'From our perspective, we have to change the way we play but also sticking to some of the key principles of Test cricket. We will try to be competitive for long, long periods of time.'
New Zealand coach Gary Stead has hinted that if the conditions demand, the visiting side may field three specialist spinners against India in the first Test, starting in Kanpur on Thursday.
New Zealand's four-prong pace attack reigned supreme in the last COVID-affected WTC cycle but the Black Caps will be unable to fall back on their traditional strengths in Kanpur and Mumbai.
They will hope left-arm spinner Ajaz Patel and offspinner Will Somerville can pressure India's powerful batting lineup, with all-rounder Mitch Santner also likely to be on hand with left-arm spin.
Without pace spearhead Trent Boult and all-rounder Colin de Grandhomme, New Zealand will face the same opponents where they have never won a Test series let alone a Test since the 1988/89 tour.
Stead also feels that their two-Test series against India won't feature the kind of tracks that England got in Ahmedabad during their series against Virat Kohli's men.
"You have to look and realise how teams come here often and don't win. That's the enormity of obvious challenge," Stead said during a media conference outlining what playing Test matches in India mean.
"India are a fantastic side. They’ve got world class spinners in their environment here as well.
"(They are) one of the great challenges on the Test calendar. It’s something we haven’t done for a while, we haven't been here since 2016 but we’re certainly looking forward to what's ahead."
"The traditional way of playing four seamers and one part-time spinner can't be the way to go over here. You may see three spinners playing in this game and that will be decided once we have a look at the surface," Stead said while making it clear that Mumbai-born left-arm spinner Ajaz Patel looks like a sure-shot starter.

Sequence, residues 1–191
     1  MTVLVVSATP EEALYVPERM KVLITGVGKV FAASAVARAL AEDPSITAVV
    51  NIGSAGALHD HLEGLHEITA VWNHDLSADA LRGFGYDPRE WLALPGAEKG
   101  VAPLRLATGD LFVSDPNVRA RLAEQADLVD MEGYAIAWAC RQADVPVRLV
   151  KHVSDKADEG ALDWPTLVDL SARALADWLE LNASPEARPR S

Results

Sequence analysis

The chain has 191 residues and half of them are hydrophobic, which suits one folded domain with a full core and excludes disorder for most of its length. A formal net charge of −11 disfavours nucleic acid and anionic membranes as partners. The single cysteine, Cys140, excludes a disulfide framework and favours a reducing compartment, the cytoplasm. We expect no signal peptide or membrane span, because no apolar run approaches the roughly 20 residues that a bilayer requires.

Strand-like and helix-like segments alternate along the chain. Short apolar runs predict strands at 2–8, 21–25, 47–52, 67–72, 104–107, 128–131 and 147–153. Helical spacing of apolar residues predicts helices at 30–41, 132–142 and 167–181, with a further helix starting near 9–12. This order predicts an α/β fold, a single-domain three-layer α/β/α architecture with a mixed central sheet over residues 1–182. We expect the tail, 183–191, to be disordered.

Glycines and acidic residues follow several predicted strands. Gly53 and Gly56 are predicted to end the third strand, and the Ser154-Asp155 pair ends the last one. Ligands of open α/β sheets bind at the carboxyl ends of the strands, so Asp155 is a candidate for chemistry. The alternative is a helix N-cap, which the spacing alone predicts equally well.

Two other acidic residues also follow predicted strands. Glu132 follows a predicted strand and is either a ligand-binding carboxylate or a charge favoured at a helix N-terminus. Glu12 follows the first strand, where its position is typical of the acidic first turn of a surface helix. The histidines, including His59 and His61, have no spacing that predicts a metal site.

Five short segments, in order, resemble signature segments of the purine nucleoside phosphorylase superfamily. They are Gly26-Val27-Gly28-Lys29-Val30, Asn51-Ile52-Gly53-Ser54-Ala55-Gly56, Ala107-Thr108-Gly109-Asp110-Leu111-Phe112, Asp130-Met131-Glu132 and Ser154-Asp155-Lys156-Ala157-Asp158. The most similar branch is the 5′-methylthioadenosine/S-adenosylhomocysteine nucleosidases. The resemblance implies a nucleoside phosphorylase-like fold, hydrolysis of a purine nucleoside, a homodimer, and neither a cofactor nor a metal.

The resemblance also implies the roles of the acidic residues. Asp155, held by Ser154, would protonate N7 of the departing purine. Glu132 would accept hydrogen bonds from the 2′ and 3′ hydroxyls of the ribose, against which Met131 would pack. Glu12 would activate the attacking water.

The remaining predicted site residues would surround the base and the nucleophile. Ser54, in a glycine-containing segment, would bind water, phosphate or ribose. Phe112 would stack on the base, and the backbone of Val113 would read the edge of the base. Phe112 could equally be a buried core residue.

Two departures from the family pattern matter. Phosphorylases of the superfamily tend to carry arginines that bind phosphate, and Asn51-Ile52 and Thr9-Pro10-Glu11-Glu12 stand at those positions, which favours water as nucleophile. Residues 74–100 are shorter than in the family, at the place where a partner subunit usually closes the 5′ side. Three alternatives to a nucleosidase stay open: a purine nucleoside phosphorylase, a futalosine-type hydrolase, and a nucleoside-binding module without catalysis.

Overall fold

Stead said while basic tenets of Test cricket is the same, the approach has to change depending on conditions.
"From our perspective, we have to change the way we play but also sticking to some of the key principles of Test cricket. We will try to be competitive for long, long periods of time."
Asked if he would speak to the groundsmen considering what happened during the last home Tests that India played against England, the coach cheekily replied: "I don't think I really get to have a say in that."
On a serious note, he said that England series was a different ball game due to multiple Test matches at the same venue.
"Look, there's no doubt those were challenging conditions but difference is that we have two Tests at two different venues and they (England) were playing multiple Tests at the same ground (two in Chennai and two in Ahmedabad)."
"We know there will be differences as in Kanpur you will have black clay and in Wankhede, you will have red clay. These are certain adaptations that we have to make," the coach explained.
Stead wasn't too fussy about lack of practice games as even India hasn't played Tests of late since they came from England.
"In this COVID world, it is difficult to get practice games but India is also coming on the back of T20s and is on a similar boat to what we are."
That's the reason why Boult's absence won't be a factor as even India would be missing regular skipper Virat Kohli (first Test) along with Rohit Sharma, Rishabh Pant, Jasprit Bumrah and Mohammed Shami, who have been rested for both games due to workload management.
Stead acknowledged New Zealand would need to manage some players carefully after their long stint on the road but said there was little time to dwell on things.
"In two weeks we’ll be on a plane home, things will happen really quickly for us," he said. "So it’s really important that we get focused on the job and the challenge that’s in front of us."